late 14c., cerymonye, "a religious observance, a solemn rite," from Old French ceremonie and directly from Medieval Latin ceremonia, from Latin caerimonia "holiness, sacredness; awe; reverent rite, sacred ceremony," an obscure word, possibly of Etruscan origin, or a reference to the ancient rites performed by the Etruscan pontiffs at Caere, near Rome.
Introduced in English by Wyclif. Also from late 14c. as "a conventional usage of politeness, formality." Disparaging sense of "mere formality" is by 1550s.
1550s, "relating to outward forms or rites," also, of persons, "punctilious in matters of formality," from French cérémonieux or directly from Late Latin caerimoniosus, from Latin caerimonia "reverent rite, sacred ceremony" (see ceremony). Meaning "full of show and ceremony" is from 1610s. Related: Ceremoniously; ceremoniousness.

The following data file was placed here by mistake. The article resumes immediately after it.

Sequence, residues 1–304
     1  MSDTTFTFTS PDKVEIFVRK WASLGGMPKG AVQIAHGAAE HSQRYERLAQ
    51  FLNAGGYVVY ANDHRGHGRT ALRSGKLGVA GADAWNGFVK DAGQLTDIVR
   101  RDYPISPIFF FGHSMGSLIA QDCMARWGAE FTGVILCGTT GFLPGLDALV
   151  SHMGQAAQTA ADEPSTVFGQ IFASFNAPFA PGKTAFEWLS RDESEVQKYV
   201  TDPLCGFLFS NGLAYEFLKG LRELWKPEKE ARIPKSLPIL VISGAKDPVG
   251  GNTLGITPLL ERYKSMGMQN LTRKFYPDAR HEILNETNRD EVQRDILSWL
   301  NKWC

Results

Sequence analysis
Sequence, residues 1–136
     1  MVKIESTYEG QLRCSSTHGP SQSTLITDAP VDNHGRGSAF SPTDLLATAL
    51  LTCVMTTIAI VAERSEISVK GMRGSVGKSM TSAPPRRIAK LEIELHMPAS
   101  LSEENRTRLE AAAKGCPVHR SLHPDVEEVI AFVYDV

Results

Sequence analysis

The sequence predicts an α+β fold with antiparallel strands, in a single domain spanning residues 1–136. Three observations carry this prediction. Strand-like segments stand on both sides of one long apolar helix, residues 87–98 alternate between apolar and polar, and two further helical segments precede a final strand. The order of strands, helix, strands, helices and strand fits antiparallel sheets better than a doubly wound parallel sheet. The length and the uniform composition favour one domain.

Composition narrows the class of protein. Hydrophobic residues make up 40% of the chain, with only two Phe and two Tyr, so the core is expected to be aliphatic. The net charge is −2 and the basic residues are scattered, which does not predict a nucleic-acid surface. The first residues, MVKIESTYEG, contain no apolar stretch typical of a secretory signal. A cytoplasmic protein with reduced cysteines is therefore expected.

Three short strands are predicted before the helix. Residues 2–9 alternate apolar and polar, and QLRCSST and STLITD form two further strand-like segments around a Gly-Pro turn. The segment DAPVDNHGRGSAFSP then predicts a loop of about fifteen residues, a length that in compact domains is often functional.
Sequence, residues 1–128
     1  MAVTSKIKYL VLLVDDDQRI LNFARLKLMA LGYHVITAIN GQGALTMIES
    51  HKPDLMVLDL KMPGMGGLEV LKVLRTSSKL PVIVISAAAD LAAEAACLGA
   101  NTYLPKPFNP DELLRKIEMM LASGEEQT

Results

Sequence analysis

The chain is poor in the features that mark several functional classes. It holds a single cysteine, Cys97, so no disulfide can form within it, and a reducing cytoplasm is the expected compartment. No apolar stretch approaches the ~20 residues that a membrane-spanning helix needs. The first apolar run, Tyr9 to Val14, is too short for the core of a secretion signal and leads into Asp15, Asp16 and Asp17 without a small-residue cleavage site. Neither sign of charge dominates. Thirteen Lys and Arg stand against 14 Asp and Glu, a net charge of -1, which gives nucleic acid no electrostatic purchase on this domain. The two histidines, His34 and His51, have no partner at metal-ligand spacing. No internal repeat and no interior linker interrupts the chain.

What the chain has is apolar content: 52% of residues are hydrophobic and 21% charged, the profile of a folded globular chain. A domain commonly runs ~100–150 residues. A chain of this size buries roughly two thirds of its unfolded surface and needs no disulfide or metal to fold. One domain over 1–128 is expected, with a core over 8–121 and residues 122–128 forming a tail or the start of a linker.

c. 1400, "belonging to (religious) ritual," also as a noun, "a ceremonial practice," from Late Latin caerimonialis "pertaining to ceremony," from caerimonia (see ceremony). Related: Ceremonially.
Ceremonial means connected with or constituting or consisting of or fit for a ceremony (i.e. a piece of ritual or formality) or ceremonies .... Ceremonious means full of or resulting from ceremony i.e. attention to forms .... [Fowler]
"act or ceremony of baptizing," c. 1300, verbal noun from christen (v.). Old English had cristnung.
1941, literally "daughter of command;" a Jewish girl who has reached age 12, the age of religious majority. Extended to the ceremony held on occasion of this.